The Journal of the National Cancer Institute published a report that lycopene prevents prostate cancer. Lycopenes belong to the carotenoids, which is a group of antioxidant plant chemicals. They are responsible for the red color of tomatoes and other red-pigmented foods.
Regarding this report Harvard researchers looked at data from 49,898 male health professionals. Dietary questionnaires and the number of prostate cancer cases and related deaths have been tracked between 1986 and 2010. The researchers compared the data related to the group with the top 20% of lycopene intake with the data from the group with the bottom 20% of lycopene intake.
There was a 28% lower risk of developing prostate cancer for the top lycopene group when compared to the bottom lycopene group. When the risk of lethal prostate cancer was calculated (those who actually die of prostate cancer during the study) the numbers were even more striking: the health care professionals who had the highest intake of lycopenes had a 44% low risk of dying from prostate cancer than those in the lowest lycopene group.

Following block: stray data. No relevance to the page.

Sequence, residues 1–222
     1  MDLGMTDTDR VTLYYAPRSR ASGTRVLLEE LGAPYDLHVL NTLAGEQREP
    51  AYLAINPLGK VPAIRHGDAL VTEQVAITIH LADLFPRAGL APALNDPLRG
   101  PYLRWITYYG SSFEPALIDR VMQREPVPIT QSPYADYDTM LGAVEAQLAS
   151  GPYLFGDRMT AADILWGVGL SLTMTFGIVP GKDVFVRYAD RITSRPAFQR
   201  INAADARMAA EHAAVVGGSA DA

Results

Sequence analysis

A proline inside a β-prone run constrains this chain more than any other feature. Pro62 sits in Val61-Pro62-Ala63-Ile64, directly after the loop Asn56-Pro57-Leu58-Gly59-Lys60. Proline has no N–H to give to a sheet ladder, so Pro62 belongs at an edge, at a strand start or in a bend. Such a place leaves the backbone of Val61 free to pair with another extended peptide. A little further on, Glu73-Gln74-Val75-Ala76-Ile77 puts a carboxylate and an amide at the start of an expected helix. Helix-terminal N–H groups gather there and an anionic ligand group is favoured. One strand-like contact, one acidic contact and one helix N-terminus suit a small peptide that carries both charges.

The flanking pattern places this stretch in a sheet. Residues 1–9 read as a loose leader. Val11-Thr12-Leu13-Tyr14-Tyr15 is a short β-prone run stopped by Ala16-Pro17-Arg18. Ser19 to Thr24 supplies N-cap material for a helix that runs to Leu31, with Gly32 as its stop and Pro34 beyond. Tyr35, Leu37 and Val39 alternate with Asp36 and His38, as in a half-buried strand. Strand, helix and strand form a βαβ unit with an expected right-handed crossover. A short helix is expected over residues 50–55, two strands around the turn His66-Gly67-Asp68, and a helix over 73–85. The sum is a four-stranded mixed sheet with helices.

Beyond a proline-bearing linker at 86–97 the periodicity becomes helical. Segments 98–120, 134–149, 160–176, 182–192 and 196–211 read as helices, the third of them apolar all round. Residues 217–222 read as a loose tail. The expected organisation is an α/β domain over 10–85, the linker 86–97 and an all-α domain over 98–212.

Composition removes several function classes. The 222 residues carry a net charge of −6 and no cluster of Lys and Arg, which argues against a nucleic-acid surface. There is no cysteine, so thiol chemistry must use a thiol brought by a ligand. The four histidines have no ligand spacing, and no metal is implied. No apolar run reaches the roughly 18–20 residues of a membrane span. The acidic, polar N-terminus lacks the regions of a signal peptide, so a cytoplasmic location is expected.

Finally, the researchers looked at early intake of lycopenes versus late start of taking in lycopenes and they found that early and ongoing exposure to lycopenes was more protective from prostate cancer. They also found that cancer markers in the blood were lower in the high lycopene group, in particular angiogenesis markers that are responsible for making prostate cancer metastasize. The high lycopene group had much less of the substances in the blood that form new blood vessels by a tumor when compared to the low lycopene group; this translated into less prostate cancer metastases and less prostate cancer mortality.
More information is available at Prostate Cancer
Reference: J Natl Cancer Inst. 2014 Feb1; 106(2):dj430.